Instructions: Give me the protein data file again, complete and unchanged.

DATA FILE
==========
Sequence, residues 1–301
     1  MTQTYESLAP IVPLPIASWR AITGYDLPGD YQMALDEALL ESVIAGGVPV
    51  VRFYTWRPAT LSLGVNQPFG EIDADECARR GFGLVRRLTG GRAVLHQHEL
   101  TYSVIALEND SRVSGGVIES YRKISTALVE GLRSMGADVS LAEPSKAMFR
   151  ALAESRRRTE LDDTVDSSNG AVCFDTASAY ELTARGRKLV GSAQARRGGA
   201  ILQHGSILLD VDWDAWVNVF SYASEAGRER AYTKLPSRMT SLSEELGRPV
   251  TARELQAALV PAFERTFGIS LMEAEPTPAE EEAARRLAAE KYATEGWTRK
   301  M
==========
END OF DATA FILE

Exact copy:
Sequence, residues 1–301
     1  MTQTYESLAP IVPLPIASWR AITGYDLPGD YQMALDEALL ESVIAGGVPV
    51  VRFYTWRPAT LSLGVNQPFG EIDADECARR GFGLVRRLTG GRAVLHQHEL
   101  TYSVIALEND SRVSGGVIES YRKISTALVE GLRSMGADVS LAEPSKAMFR
   151  ALAESRRRTE LDDTVDSSNG AVCFDTASAY ELTARGRKLV GSAQARRGGA
   201  ILQHGSILLD VDWDAWVNVF SYASEAGRER AYTKLPSRMT SLSEELGRPV
   251  TARELQAALV PAFERTFGIS LMEAEPTPAE EEAARRLAAE KYATEGWTRK
   301  M